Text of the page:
As a BT, Iâ€™ve often felt the clash between the culture I grew up in and the â€œfrumâ€ culture Iâ€™ve been living in for so long. One of the areas the clash always made itself evident to me was music. I just never could get into â€œJewish music.â€
This clash took on new meaning for me years ago when I worked as a manager in a small business that employed Chassidic girls, who loved to listen to music as they did their tasks. One girl, in particular, was really into it. She sometimes asked my opinion of the latest song or album. I tried to feign interest, but Jewish music â€“ especially the type these girls liked â€“ really never did anything for me.
One day she excitedly brought in the newest album and played it. I had to admit, at first, that there was something I liked about one of the songs. It hadâ€¦ a certainâ€¦.
I couldnâ€™t put my finger on it. But it had a quality that resonated for me. And as I listened to it over the next few hours — she played the album again and again — all of a sudden it struck me:
It was â€œStairway to Heaven,â€ by Led Zeppelin, regurgitated in instrumental form without lyrics.
I donâ€™t have to tell most readers here that Led Zeppelin was a famous hard rock band in the â€˜70s. Their concerts were drug and alcohol fests; their music hard-driving heavy metal, their lyrics raunchy. In other words, everything a red-blooded American teenager with a rebellious streak ever wanted.
And everything one would have thought a Chassid, in the real sense of the word, would recoil from. Yet, here were these Chassidic girls really into it.
Of course, they had no idea of the context or the words. Moreover, even if they did, there wasnâ€™t necessarily anything wrong with the denuded elevator music version of the song. Chassidic philosophy, in particular, emphasizes the idea that there are sparks of kedusha all around embedded in the tumah waiting for a Jew to come and extract it. Some of the most inspiring Shabbos niggunim were originally Czarist army marching songs. We are here to convert the matter of the lower world into the currency of the higher world.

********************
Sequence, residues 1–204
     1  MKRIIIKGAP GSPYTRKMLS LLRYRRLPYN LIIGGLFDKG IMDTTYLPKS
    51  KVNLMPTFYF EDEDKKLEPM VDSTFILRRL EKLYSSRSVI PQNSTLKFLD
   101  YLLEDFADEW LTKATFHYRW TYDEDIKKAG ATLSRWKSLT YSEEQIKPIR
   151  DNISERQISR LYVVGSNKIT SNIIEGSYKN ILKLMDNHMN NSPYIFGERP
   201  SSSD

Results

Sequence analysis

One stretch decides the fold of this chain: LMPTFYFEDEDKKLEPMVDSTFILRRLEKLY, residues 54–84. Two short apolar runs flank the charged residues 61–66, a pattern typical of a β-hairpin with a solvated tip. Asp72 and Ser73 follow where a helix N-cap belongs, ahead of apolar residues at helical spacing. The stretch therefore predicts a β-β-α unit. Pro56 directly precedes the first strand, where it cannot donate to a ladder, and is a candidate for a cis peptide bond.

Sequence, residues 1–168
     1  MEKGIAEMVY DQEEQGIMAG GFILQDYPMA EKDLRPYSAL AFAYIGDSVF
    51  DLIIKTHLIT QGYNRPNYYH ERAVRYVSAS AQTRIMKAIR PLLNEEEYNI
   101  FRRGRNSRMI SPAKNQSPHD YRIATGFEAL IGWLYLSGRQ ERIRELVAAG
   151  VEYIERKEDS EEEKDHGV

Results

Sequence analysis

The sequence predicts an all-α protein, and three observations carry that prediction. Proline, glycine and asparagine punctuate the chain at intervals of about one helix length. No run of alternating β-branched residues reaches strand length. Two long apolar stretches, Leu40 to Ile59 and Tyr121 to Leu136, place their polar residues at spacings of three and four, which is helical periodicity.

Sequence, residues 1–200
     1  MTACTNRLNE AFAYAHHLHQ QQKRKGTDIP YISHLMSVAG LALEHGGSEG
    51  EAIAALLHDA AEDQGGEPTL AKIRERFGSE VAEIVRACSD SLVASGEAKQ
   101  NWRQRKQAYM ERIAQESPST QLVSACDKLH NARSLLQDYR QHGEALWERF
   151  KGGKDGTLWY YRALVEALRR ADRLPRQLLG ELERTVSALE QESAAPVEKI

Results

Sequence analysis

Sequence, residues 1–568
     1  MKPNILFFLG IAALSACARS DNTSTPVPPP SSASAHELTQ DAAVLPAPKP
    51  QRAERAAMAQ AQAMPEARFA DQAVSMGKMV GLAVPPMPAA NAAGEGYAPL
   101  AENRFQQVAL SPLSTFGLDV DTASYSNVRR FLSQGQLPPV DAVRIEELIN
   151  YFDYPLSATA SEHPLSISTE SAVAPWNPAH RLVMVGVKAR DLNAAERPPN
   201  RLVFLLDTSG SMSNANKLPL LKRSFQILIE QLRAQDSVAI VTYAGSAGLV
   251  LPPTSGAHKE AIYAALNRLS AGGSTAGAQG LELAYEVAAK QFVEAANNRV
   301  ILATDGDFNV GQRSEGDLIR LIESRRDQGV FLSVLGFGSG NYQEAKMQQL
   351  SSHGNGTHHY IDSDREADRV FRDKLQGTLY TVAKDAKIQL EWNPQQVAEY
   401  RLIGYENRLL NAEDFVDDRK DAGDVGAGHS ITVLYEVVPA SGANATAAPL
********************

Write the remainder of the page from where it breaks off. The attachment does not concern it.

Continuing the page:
Stillâ€¦ Led Zeppelin?
One of the lessons this drove home for me was that if I had any reason to feel inferior because of my cultural upbringing I was a fool. If sparks of kedusha could be had in Led Zeppelin, then the sound tracks of my memory banks were gold mines of potential kedusha no Chassid could hope to duplicate.
But the larger point was the place of culture clash in the evolution of a BT. There is, of course, a difference between real Torah and a culture in which this Torah is expressed. They are not necessarily the same thing. Moshe Rabbeinu did not speak Yiddish or wear a streimel (notwithstanding the Parasha sheets our kids bring home from yeshiva).
Yet, the reality is that when we become observant we not only join a religion but perforce join one of the cultures within it, be it Modern Orthodox, Chassidic or whatever. Judaism is a social religion; it demands we become part of a tzibbur, a kehilla, a community. Therefore, we must make our peace with a community, even if it is lacking or imperfect in our eyes.
And so, we BTs more than others, go about our lives in strange paradox, feeling alienated from the culture we left behind for a religion that makes sense but invariably comes with a culture we may not fit perfectly into.
Somehow we have to find a niche not necessarily made in our image without losing our selves. We have to navigate the choppy seas of a culture sometimes at odds with our memories, origins and expectations while remaining glued to the inner compass that led us to the timeless values underpinning that culture to begin with.
Some of the cultural dissonance is relatively easy to handle but some is not. Often there is no easy solution for the latter â€“ other than recognizing that our task here is not always easy.
Thatâ€™s a lesson we learned long before we came to Torah. You canâ€™t buy a stairway to heaven.
Originally published March 15, 2006